Coping with vibrations
The 15g accelerometers is even a better choice when vibrations are higher than 5g, even if this is averaged out at 400 Hz. When the sensors (accelerometers, gyroscopes, accelerometers) clip at 10 kHz, the MTi will output a warning so that it is known to the user that the sensor data is compromised, even when data seems to be correct.
The 15g accelerometers can cope with most vibrations that users in Industrial Applications encounter.
Quantization of the accelerometer data
With a 16-bit ADC on the analog accelerometers in the MTi 10-series and MTi 100-series, the quantization after sampling (m/s2/LSB) is around 0.0077 m/s2 for the 15g accelerometer and around 0.0023 m/s2 for the 5g accelerometer. With the accuracy of the MTi, the quantization would be noticable in the data.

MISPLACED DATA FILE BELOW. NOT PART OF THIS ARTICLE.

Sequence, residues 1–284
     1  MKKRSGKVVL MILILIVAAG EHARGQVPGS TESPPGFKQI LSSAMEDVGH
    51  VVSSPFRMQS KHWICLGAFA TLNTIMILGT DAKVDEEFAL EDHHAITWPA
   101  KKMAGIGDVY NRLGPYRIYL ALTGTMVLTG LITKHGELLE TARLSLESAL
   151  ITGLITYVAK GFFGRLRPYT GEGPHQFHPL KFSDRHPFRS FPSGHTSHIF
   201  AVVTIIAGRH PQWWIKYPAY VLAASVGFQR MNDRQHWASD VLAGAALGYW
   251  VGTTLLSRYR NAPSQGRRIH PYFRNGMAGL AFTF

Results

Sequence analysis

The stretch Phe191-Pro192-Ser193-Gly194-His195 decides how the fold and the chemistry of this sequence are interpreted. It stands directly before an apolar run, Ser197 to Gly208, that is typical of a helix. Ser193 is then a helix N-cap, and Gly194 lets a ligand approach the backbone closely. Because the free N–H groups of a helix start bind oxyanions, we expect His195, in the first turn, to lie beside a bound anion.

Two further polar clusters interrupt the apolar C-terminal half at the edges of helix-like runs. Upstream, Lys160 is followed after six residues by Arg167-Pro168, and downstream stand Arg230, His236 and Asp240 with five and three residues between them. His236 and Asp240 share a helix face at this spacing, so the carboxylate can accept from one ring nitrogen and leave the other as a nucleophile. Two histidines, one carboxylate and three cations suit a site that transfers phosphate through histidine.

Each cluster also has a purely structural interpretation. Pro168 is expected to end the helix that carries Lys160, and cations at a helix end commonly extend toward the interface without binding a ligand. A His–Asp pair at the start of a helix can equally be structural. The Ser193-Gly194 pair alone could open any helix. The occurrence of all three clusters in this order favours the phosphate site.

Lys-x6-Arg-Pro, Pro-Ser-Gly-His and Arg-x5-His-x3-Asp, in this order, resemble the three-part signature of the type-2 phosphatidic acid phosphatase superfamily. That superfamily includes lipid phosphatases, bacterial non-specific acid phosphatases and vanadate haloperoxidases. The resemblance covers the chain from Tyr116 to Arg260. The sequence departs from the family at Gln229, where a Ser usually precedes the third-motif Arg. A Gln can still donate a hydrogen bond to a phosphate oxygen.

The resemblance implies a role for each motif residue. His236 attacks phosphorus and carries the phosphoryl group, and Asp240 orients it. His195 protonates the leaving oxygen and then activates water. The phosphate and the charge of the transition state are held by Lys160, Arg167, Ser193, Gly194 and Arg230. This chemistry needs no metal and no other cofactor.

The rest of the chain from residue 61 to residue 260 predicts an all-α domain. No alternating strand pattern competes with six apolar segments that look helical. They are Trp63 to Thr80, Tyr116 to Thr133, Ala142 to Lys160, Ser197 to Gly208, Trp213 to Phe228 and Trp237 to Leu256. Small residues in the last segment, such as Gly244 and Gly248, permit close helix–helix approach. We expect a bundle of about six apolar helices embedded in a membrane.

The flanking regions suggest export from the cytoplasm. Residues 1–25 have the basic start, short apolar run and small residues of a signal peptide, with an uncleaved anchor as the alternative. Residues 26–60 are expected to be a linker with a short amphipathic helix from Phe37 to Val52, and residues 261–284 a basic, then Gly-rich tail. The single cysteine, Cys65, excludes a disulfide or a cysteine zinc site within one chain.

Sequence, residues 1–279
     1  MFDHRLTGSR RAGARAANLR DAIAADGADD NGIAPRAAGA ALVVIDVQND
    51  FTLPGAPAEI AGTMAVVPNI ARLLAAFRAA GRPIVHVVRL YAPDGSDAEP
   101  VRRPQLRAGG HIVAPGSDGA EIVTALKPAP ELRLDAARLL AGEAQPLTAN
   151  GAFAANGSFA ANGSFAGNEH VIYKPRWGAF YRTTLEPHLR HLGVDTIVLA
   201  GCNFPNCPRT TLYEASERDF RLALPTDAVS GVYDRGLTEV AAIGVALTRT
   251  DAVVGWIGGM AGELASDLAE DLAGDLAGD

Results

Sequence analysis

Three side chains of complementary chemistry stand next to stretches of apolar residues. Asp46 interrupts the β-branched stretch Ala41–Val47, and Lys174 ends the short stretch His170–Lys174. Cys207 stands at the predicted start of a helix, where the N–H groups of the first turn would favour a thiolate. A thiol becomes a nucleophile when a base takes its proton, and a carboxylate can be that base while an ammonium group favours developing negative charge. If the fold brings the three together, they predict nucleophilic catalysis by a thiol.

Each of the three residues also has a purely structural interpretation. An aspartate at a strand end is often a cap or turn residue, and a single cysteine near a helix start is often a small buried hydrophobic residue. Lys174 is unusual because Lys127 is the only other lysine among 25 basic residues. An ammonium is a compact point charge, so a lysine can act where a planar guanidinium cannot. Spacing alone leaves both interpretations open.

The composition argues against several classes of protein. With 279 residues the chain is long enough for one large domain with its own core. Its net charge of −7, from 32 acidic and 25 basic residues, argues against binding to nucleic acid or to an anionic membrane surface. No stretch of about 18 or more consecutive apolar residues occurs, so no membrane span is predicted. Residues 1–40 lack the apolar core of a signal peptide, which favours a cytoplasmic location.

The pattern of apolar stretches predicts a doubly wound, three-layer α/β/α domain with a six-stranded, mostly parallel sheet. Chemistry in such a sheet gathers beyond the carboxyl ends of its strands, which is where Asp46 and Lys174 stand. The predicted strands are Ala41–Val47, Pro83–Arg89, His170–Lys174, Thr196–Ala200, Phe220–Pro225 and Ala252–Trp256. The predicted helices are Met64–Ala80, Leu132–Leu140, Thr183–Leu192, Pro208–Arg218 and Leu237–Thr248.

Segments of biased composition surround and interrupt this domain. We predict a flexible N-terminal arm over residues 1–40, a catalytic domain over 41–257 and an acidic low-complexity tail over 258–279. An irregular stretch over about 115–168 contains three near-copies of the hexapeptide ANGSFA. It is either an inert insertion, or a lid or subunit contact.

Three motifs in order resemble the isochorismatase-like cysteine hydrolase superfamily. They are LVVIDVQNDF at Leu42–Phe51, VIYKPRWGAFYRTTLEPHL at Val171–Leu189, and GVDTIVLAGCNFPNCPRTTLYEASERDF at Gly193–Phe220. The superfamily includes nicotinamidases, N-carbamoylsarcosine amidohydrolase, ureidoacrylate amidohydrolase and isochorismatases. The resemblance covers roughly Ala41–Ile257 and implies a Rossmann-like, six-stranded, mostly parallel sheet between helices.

However, since the MTi 10-series and MTi 100-series are sampling at 10 kHz, the quantization almost entirely disappears when data has been processed by the high-performance signal processing pipeline.
With a virtually unlimited resolution in the float or double format of the acceleration output, the choice for 15g accelerometers has no drawbacks.
The accelerometer in the MTi can be identified by the number in the product type. The value directly following the A indicates a 5g accelerometer (5) or an 15g accelerometer (8). Example: MTi-300-2A5G4 is an MTi-300 AHRS with RS232 interface, 5g accelerometers and 450 deg/s gyroscopes.
Todo: add pictures showing:
- clipping at <10 kHz
- quantization error old MTi 18g vs quantization 5g